Woman with ringing in her ears.

You’re living with tinnitus and you’ve learned to adjust your life to it. In order to drown out the continuous ringing, you always leave the TV on. The loud music at happy hour makes your tinnitus much worse so you avoid going out with your friends. You’re always making appointments to try new techniques and treatments. Ultimately, your tinnitus just becomes something you integrate into your day-to-day life.

The main reason is that tinnitus can’t be cured. But that might be changing. We might be getting close to a reliable and permanent cure for tinnitus according to research published in PLOS biology. Until that happens, hearing aids can be really helpful.

Tinnitus Has a Murky Set of Causes

Someone who has tinnitus will hear a buzzing or ringing (or other sounds) that don’t have an external source. Tinnitus is really common and millions of individuals deal with it on some level.

Generally speaking, tinnitus is itself a symptom of an underlying condition and not a cause in and of itself. Basically, something causes tinnitus – there’s a root issue that creates tinnitus symptoms. One of the reasons why a “cure” for tinnitus is elusive is that these underlying causes can be hard to pin down. Tinnitus symptoms can occur due to numerous reasons.

Even the link between tinnitus and hearing loss is murky. Some individuals who have tinnitus do have hearing loss but some don’t.

Inflammation: a New Culprit

Research published in PLOS Biology outlined a study conducted by Dr. Shaowen Bao, an associate professor of physiology at the Arizona College of Medicine in Tuscon. Dr. Bao carried out experiments on mice who had tinnitus caused by noise-induced hearing loss. And the results of these experiments indicated a culprit of tinnitus: inflammation.

Scans and tests carried out on these mice revealed that the areas of the brain responsible for listening and hearing consistently had significant inflammation. As inflammation is the body’s response to damage, this finding does indicate that noise-related hearing loss could be creating some damage we don’t fully comprehend as of yet.

But this knowledge of inflammation also brings about the possibility of a new form of treatment. Because we know (generally speaking) how to deal with inflammation. When the mice were given drugs that impeded the observed inflammation response, the symptoms of tinnitus disappeared. Or it became impossible to observe any symptoms, at least.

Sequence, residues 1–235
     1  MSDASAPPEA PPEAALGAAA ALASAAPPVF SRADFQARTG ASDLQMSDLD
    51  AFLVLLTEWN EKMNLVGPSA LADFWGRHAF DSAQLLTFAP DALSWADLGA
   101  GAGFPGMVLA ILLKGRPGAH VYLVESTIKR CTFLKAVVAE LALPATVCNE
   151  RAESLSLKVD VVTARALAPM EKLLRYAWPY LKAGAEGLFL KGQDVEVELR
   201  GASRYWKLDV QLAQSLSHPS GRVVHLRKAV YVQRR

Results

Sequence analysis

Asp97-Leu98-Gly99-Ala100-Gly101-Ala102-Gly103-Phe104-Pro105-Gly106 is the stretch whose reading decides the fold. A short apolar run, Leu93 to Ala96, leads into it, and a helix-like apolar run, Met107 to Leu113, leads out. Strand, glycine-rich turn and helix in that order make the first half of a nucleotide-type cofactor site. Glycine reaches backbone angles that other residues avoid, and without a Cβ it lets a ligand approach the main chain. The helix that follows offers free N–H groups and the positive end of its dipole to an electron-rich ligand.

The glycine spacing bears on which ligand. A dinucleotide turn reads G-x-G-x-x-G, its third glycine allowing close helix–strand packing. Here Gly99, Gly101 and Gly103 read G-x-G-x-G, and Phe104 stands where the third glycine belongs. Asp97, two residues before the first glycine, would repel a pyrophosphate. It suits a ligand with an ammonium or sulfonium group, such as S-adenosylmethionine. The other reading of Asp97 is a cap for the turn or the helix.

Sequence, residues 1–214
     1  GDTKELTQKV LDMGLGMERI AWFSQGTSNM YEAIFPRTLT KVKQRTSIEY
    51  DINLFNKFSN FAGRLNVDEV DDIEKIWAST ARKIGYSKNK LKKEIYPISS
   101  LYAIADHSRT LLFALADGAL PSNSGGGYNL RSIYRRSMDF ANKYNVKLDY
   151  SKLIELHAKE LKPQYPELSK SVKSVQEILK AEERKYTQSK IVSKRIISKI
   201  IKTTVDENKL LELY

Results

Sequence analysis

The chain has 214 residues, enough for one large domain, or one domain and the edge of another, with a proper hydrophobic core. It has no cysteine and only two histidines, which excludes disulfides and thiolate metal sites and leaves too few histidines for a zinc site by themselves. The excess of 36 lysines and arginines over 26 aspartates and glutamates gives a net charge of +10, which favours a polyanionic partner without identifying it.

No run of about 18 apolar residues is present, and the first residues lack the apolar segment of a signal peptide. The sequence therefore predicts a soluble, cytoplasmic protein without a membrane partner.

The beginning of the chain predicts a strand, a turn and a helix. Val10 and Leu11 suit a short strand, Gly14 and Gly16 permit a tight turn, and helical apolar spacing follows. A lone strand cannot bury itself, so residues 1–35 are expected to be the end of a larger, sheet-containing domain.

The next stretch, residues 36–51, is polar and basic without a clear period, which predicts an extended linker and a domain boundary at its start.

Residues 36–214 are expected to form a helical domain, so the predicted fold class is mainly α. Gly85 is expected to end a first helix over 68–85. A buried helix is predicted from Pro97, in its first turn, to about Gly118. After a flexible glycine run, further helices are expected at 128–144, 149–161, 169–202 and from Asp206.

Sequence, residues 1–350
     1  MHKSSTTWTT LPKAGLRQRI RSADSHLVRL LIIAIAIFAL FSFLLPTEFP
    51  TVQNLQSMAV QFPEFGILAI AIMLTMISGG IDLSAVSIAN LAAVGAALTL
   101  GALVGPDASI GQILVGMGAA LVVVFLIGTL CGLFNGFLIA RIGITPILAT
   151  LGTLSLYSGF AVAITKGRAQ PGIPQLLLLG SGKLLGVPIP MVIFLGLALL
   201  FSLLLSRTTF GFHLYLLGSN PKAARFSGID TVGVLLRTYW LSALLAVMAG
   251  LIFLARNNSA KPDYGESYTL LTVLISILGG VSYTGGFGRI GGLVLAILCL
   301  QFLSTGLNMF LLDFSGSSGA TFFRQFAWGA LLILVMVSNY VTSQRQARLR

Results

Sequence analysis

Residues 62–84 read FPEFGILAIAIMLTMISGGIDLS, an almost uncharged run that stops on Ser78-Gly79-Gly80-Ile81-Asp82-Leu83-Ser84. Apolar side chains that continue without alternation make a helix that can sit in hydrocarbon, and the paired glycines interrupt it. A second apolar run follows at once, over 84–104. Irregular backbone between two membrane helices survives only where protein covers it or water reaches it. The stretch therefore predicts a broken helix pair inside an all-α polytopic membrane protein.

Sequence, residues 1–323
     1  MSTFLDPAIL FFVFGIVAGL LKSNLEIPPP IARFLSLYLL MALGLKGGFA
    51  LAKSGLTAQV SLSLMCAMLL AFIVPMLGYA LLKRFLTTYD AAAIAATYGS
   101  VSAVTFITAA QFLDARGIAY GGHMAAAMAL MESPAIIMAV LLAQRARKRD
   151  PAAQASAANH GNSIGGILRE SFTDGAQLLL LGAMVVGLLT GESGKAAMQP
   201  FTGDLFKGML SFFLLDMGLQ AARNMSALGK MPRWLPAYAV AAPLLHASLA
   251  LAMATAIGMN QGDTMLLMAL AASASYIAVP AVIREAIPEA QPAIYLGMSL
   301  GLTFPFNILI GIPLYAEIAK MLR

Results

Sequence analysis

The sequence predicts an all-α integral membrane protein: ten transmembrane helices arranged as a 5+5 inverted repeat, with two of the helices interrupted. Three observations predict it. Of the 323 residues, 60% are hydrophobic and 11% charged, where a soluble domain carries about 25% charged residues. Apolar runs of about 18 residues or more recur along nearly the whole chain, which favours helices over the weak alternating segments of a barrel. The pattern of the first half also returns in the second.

Does This Mean There’s a Pill For Tinnitus?

This research does appear to indicate that, in the long run, there might actually be a pill for tinnitus. Imagine that, rather than investing in these numerous coping mechanisms, you can simply take a pill in the morning and keep your tinnitus at bay.

That’s definitely the goal, but there are numerous large hurdles in the way:

  • Not everybody’s tinnitus will be caused the same way; whether all or even most instances of tinnitus are connected to some kind of inflammation is still hard to know.
  • We need to be sure any new strategy is safe; it may take some time to determine particular side effects, complications, or problems related to these specific inflammation-blocking medications.
  • Mice were the subject of these experiments. And there’s a long way to go before this specific strategy is deemed safe and approved for people.

So, a pill for tinnitus might be a long way off. But it’s a real possibility in the future. If you have tinnitus now, that represents a substantial increase in hope. And, of course, this strategy in managing tinnitus is not the only one presently being researched. The cure for tinnitus gets closer and closer with every discovery and every bit of new knowledge.

Is There Anything You Can Do?

In the meantime, individuals who suffered from tinnitus should feel optimistic that in the future there will be a cure for tinnitus. There are modern treatments for tinnitus that can produce genuine results, even if they don’t necessarily “cure” the root issue.

Some strategies include noise-cancellation devices or cognitive therapies designed to help you ignore the sounds linked to your tinnitus. Hearing aids often offer relief for many individuals. You don’t need to go it alone despite the fact that a cure is likely several years away. Spending less time worrying about the ringing in your ears and more time doing the things you love can happen for you by finding the right treatment.

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The site information is for educational and informational purposes only and does not constitute medical advice. To receive personalized advice or treatment, schedule an appointment.
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